Friday March 17, 2017
6:44 pm Candle Lighting
6:30 pm  Mincha
Short Drash
7:15 pm  Arvit

Parasha Ki Tisa    

Saturday March 18, 2017

9:23 am (10:00 am GRA) Latest time for shema 

8:45 am   Shaharit
10:00 am Torah Reading

11:00 am Drasha

11:30 am Kiddush sponsorship is available.
6:30 pm Mincha at Westwood Kehilla
6:45 pm Seudah Shlishit 

7:48 pm Shabbat Ends  


It's back! 6 days a week @ 8:15 am Shaharit followed by breakfast.


8:15 am Shaharit followed by breakfast and shiur


Monday & Thursday

6:30 am Shaharit followed by breakfast and shiur
Tuesday, Wednesday & Friday
6:45 am Shaharit followed by breakfast and shiur


1st Aliya: This first Aliya concludes the details of the Mishkan's construction. The Bnei Yisrael are commanded to give the half Shekel toward a national census and the purchasing of the public offerings. The copper washstand, the Kiyor, is described along with the ingredients and laws of the anointing oil and the Ketoret – the incense. Betzallel, the grandson of Chur and great-grandson of Miriam, is identified as the chief artisan and architect of the Mishkan. (Note: he was only 13 yr. old!) The Mitzvah of Shabbos is commanded. Its juxtaposition to the details of the Mishkan provides the Gemara with the source for determining the 39 categories of Melacha prohibited on Shabbos.
2nd Aliya: The story of the Golden Calf is told. Moshe ascended Sinai on the morning of Sivan 7, and remained 40 days and nights. The 7th didn't start with a night, so it wasn't included in the total of 40. The Jews mistakenly assumed that it was to be included and expected Moshe back on the morning of Tamuz 16. Instead, he returned the morning of Tamuz 17. By midday of the 16th, the Jews were already desperate. Chur attempts to reason with them and is killed. They approach Aharon who attempts to redirect their terror which results in the Golden Calf. Moshe appears the next morning, breaks the Luchot, marshals the tribe of Levi, and 3000 people are killed. Moshe demands Hashem's forgiveness for the people, but moves the Ohel Moed out from the midst of the camp. Yehoshua is proclaimed the main student of Moshe.
3rd & 4th Aliyot: Moshe requests to understand Hashem's system of justice. He is granted a greater understanding of Hashem than any other person in history, but is denied the ability to comprehend divine justice.
5th Aliya: Moshe is instructed to cut two new Luchot and ascend Sinai. Moshe is taught the secret formula for Teshuva (the Thirteen Names of G-d as He Manifests His Mercy) (34:6) and G-d forgives the Bnei Yisrael.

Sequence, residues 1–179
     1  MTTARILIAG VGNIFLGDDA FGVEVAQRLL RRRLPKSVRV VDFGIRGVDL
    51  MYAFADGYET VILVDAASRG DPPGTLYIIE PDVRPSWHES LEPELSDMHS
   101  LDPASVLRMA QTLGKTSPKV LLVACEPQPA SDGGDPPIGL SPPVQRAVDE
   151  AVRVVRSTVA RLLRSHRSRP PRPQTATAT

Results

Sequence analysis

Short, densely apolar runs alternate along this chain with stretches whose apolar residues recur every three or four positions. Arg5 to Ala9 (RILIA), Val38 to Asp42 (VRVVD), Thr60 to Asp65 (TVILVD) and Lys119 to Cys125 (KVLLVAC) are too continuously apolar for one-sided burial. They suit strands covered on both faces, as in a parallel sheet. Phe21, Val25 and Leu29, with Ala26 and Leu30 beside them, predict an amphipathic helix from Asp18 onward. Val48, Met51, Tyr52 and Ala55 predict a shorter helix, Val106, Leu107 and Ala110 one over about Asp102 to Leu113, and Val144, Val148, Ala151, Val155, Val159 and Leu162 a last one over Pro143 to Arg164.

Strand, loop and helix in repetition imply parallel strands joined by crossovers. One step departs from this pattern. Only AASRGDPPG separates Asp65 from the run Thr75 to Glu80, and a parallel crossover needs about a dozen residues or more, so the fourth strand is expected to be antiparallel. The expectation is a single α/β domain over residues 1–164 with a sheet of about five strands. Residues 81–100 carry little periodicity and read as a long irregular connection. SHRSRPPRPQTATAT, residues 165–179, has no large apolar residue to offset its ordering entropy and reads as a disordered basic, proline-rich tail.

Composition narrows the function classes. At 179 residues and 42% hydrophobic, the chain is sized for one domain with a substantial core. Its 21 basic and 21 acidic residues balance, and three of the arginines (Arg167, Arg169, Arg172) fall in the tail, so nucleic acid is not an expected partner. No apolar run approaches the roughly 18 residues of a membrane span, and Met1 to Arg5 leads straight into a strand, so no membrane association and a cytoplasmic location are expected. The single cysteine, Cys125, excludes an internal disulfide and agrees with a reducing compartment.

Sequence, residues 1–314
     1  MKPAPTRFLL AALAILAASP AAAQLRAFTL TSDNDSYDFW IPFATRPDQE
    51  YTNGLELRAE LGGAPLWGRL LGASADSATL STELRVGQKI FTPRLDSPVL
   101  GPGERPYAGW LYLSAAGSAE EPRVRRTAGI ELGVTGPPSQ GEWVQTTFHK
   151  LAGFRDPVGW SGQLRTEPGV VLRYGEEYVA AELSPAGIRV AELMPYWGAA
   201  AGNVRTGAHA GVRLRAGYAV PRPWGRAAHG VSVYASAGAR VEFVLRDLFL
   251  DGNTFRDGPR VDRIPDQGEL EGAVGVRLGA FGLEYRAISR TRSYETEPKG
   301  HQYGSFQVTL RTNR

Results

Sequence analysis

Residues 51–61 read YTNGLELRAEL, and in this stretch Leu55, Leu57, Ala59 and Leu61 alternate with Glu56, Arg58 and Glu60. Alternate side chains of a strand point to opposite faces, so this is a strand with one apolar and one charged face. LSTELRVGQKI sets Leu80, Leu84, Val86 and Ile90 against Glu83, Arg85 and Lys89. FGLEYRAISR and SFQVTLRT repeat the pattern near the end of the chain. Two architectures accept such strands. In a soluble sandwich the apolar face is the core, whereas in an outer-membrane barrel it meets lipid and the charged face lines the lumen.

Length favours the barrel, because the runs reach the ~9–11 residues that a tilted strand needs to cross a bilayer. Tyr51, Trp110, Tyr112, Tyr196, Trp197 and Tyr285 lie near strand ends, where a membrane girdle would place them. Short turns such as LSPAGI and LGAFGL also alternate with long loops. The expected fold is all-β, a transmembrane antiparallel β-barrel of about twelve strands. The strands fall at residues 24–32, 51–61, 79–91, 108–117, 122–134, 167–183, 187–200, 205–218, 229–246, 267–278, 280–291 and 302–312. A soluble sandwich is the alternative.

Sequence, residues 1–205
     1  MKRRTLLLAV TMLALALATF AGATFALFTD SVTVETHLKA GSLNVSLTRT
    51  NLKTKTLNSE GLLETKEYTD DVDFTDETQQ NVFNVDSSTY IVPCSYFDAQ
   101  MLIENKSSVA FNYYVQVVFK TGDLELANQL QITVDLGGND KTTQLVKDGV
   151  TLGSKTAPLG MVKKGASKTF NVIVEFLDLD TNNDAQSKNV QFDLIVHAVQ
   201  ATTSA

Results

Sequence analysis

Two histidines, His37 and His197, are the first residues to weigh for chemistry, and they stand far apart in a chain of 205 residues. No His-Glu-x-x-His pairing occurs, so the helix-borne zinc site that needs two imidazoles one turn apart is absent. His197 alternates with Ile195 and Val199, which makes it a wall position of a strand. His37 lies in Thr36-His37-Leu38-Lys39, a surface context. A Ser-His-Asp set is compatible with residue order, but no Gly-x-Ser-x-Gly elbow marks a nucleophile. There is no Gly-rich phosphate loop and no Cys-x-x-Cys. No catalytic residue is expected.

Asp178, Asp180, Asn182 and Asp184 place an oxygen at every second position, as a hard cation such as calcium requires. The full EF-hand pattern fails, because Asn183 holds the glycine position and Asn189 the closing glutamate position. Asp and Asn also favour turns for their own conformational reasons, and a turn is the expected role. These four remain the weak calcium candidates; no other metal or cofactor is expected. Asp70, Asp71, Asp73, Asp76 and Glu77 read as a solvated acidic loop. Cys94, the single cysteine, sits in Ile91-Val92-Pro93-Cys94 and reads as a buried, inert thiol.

6th Aliya: Hashem establishes a new covenant with the people. He forewarns them against the influences of assimilation and intermarriage and forbids them to make any treaties with the inhabitants of Canaan. The holidays of Pesach, Shavout, and Succot are reviewed, as well as Shabbos and the basic law of Kashrus.
7th Aliya: Moshe remains on Sinai another 40 days and nights and returns on Yom Kippur carrying the second Luchot. The people see that the very being of Moshe had been transformed and that his face radiated with a inner light. Moshe fashions for himself a veil that he would wear at all times, except when receiving a prophecy and when transmitting the word of G-d to the people.



 This week's Haftarah relates the famous story of Eliyahu on Mt. Carmel. Around the year 3021 – 740 b.c.e. King Achav and his wife Ezevel ruled the 10 Tribes with an iron fist advancing the worship of idols throughout the kingdom. Eliyahu, the fearless servant of G-d, challenged Achav's hold on the people by demanding a showdown on Mt. Carmel between himself and the false prophets of the Baal. The scene is one of the more spectacular events recorded in the Navi. Eliyahu, displayed absolute trust in Hashem and challenged the false prophets of the Baal to a public refutation. In the end, just as Moshe's return proved the falsehood of the Golden Calf, so too, Eliyahu proved the falsehood of the belief in the Baal.

Click here to print Parasha & Haftarah

Forbes Article about
Millennials Are Influencing The Future Of Philanthropy

Despite the plethora of negative myths and stigmas surrounding the millennial generation, they are a group of consumers set on making a difference in the world around them. "Add good" has been their mantra as they utilize newfound ways to give back. Rather than making random or one-off donations, they are a generation characterized by integrating the causes they care about into their daily routines and purchase behaviors.